GAA footballer who left player with fractured eye socket gets suspended sentence
A GAA footballer who left another player with a fractured eye socket after punching him during a club game has being spared a prison term because of his previous good character.
Unemployed plasterer Keith Naylor (39) had just come on the field as a substitute for St. Finbarrs when he went up to Padraic O’Choncuir of Ballinteer St John’s and punched him in the side of the face.
Judge Martin Nolan sentenced Naylor to three years imprisonment but suspended the sentence on condition that he keep the peace for three years and hand over a sum of €5,000 to the victim within the next year.
The judge said that punches are sometimes thrown at sporting events and have no lasting consequences but that in this instance there were. He said the rule of law extends to football matches and that some players didn’t seem to realise this.
Judge Nolan noted that Naylor was otherwise a good person who had worked as a sports mentor to others. He told Naylor that his good record had saved him from prison.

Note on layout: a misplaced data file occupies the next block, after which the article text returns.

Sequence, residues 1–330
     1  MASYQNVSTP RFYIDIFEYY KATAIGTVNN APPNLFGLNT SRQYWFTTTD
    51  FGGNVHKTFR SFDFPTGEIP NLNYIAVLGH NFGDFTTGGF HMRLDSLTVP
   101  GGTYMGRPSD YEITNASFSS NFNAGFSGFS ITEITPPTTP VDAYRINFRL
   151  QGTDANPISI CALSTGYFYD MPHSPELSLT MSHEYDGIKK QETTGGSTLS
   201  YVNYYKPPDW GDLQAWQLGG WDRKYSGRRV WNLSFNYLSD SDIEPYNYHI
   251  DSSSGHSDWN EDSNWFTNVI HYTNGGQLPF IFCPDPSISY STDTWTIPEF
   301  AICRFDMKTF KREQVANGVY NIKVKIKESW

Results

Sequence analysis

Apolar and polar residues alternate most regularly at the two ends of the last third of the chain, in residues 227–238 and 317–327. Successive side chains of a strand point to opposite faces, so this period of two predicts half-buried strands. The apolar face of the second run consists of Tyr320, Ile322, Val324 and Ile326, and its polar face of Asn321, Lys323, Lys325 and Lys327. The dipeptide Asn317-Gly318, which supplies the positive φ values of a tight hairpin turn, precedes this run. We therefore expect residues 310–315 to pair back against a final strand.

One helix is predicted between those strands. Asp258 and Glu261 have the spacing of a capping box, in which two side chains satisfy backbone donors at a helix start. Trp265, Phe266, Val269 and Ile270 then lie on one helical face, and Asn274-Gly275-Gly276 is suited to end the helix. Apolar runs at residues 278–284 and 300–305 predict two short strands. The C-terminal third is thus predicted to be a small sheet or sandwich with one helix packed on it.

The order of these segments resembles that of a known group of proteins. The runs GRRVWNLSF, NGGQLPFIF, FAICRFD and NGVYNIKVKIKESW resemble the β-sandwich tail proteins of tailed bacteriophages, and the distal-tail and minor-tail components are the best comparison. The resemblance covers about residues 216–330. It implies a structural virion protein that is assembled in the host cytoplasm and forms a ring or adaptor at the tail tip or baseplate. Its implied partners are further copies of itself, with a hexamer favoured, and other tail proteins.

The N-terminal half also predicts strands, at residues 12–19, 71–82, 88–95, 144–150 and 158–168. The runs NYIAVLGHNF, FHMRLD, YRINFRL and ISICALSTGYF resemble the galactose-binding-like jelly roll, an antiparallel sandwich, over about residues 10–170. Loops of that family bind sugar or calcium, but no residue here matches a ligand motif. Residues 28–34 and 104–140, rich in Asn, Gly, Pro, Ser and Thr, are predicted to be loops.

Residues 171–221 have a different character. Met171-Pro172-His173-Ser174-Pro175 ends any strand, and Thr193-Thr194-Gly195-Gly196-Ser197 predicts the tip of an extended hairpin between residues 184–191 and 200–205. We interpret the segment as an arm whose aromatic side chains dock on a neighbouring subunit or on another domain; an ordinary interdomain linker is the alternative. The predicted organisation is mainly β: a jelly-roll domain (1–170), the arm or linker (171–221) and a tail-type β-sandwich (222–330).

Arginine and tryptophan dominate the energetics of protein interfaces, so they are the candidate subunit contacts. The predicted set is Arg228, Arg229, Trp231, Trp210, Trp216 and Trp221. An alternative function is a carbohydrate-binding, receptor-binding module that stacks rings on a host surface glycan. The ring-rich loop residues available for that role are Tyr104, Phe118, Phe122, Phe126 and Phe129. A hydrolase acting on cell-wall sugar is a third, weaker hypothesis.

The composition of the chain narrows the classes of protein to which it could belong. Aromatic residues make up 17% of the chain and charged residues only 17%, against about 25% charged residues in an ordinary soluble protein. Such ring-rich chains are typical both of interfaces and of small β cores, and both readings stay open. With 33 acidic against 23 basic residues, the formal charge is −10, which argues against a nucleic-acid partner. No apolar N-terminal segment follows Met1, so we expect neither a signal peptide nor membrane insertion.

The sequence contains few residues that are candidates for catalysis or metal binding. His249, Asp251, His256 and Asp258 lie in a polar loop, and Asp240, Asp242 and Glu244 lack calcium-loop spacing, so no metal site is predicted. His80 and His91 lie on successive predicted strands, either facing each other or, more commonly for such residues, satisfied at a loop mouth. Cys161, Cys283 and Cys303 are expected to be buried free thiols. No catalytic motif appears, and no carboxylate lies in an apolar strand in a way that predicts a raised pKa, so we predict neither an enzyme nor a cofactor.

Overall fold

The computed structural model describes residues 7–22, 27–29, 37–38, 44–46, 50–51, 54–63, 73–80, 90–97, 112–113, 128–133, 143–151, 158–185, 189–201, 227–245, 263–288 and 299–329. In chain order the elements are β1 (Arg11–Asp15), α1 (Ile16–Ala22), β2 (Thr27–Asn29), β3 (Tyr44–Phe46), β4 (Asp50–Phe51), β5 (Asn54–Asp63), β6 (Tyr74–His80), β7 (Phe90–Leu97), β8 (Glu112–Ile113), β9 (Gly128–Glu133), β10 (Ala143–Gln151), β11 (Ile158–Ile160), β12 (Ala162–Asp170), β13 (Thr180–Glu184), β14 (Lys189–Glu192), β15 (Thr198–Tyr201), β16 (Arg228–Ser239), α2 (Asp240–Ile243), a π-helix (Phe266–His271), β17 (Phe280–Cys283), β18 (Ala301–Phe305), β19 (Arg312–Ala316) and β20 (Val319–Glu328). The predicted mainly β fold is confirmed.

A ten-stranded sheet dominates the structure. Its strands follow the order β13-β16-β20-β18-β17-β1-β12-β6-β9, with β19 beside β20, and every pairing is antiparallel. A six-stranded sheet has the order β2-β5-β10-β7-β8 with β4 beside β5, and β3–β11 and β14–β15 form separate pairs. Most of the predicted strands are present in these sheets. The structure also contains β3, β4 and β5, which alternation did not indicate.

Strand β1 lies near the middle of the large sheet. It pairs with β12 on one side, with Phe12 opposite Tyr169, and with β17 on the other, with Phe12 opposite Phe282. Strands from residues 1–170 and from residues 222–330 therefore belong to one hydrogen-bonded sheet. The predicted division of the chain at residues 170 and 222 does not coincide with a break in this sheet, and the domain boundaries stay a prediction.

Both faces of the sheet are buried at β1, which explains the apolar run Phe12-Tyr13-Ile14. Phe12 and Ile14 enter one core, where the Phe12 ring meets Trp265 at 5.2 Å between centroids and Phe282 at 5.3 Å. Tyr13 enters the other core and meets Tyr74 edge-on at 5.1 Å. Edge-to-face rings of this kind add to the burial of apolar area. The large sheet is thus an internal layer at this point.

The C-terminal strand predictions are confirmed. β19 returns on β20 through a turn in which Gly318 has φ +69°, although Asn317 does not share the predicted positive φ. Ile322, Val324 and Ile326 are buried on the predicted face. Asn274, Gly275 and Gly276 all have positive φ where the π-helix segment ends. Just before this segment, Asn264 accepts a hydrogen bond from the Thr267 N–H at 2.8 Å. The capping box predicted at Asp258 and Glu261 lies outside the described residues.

Naylor of Dunmanus Road, Cabra, Dublin pleaded guilty at Dublin Circuit Criminal Court to the assault causing harm of Mr O’Choncuir at Marlay Park, Grange Road, Rathfarnham on August 17, 2011.
Detective Garda David Connolly told Garret Baker BL, prosecuting, that eye witnesses saw Naylor punch the victim in the side of the face just after the second man had taken a free kick.
The victim doubled over in pain and his nose started gushing blood. The court heard that the referee was watching the ball in the air and didn’t see the assault.
Mr O’Choncuir’s eye socket was broken and he had to have a titanium plate permanently inserted into his face. His nose had to be re-broken in two places.
The victim told gardai that the game had being a “feisty” one but always sporting and that the assault was unprovoked.
Father of one Naylor has two previous convictions, both from 1992. The judge said he could disregard these for the purposes of sentencing.
The chairman of St. Finbarrs GAA, Noel Paget, told defence counsel Sean Guerin BL that the assault was out of character for Naylor. He said the accused had played with the club for 25 years and managed some of the juvenile teams.
Mr Guerin said this was an unusual prosecution in that it arose out of a sporting encounter of which physical engagement is an essential part.
Judge Nolan said there is a line between competitive behaviour and criminal behaviour and that players must realise that they cannot attack other players outside the rules of the sport.